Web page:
For Julia Gillard, if she wants to lift her poll ratings into the 40s, which Paul Keating says is necessary for her to have any chance of winning the next election, then she needs to focus on Australia's economic circumstances. She needs to clear the decks and focus on the hip-pocket nerve. She should defer the gay marriage debate and cancel her promise to the Greens for a referendum to change the Australian Constitution. Ms Gillard will do neither and unless she can convince the public that she can manage the job of prime minister, I predict she will not last as PM.

The September 2010 agreement between the Greens Party and the Labor Party was to:

Hold referenda during the 43rd Parliament or at the next election on Indigenous Constitutional recognition and recognition of local government in the Constitution.

Julia Gillard does not have the authority or political standing to push through some potentially significant changes to our Constitution. The apparatchiks who run her politics will tell her that they don't want the referendum to be held at the same time as the next election because it will reinforce the public view that she is incapable of focusing on what is most important to the voters, namely the economy.

The alternative is to hold the two referenda in 2012. This is a complication because the vast majority of voters are not au fait with legal matters and they have a sensible level of cynicism about constitutional changes. They are often swayed by the simple question: if the bicycle is not broken, why fix it?

In addition, even if the Coalition were silly enough to support the Indigenous referendum, which is highly unlikely, there are already many voices from the Aboriginal community who oppose change. Northern Territory Indigenous MP Alison Anderson articulated a common view about constitutional recognition in these words:

It's a diversion from the real issues of education, health and housing. This is just something for Julia Gillard to go down in history with.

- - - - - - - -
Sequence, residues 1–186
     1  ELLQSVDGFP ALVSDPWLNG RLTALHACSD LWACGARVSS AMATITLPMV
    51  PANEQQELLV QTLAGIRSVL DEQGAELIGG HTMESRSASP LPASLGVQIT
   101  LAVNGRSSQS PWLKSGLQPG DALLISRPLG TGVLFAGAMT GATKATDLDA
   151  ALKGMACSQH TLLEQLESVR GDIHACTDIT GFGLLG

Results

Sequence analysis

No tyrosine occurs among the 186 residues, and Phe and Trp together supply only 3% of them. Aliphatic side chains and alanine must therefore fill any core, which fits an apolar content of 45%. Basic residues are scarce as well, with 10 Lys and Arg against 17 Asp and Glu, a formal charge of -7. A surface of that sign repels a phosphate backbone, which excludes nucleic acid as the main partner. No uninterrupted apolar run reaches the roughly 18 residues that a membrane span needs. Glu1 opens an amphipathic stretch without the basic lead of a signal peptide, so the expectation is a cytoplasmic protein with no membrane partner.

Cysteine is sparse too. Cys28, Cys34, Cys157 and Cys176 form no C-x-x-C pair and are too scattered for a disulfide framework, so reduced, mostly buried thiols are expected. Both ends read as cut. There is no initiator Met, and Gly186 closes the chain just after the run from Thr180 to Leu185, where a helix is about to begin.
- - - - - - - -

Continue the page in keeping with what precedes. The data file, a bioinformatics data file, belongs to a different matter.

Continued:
And Warren Mundine, former ALP president and Indigenous leader said of the latest proposals:

I feel strongly about this – it's a hundred steps too far… I am opposing it and will campaign to oppose it.

There is zero chance this proposal will ever be accepted and if presented will only annoy the public at the waste of holding the referenda.

The local government proposal is also doomed from the start. It has been put twice before by Labor governments and resoundingly thrashed. Local government is a creature of the state parliaments and a mini bill of rights for councils is either just tokenism or a grab for more federal power. In 1988 the vote was one of the largest 'no' votes ever recorded in the history of Australian referenda.

Like many things in politics in 2012, these outcomes are not so much predictions than the obvious consequence of factors and widely held opinions already well known based on Australia's long experience with referenda and economic management.

A lot of bad decisions have been taken in 2011 and earlier, including the carbon tax, asylum seeker policy, fiscal policy, industrial relations and others. And they all have consequences, so forget the predictions, forget about Nostradamus and let's hope that in 2012 more attention will be paid on making good decisions in the national interest.

Merry Christmas and Best Wishes for 2012.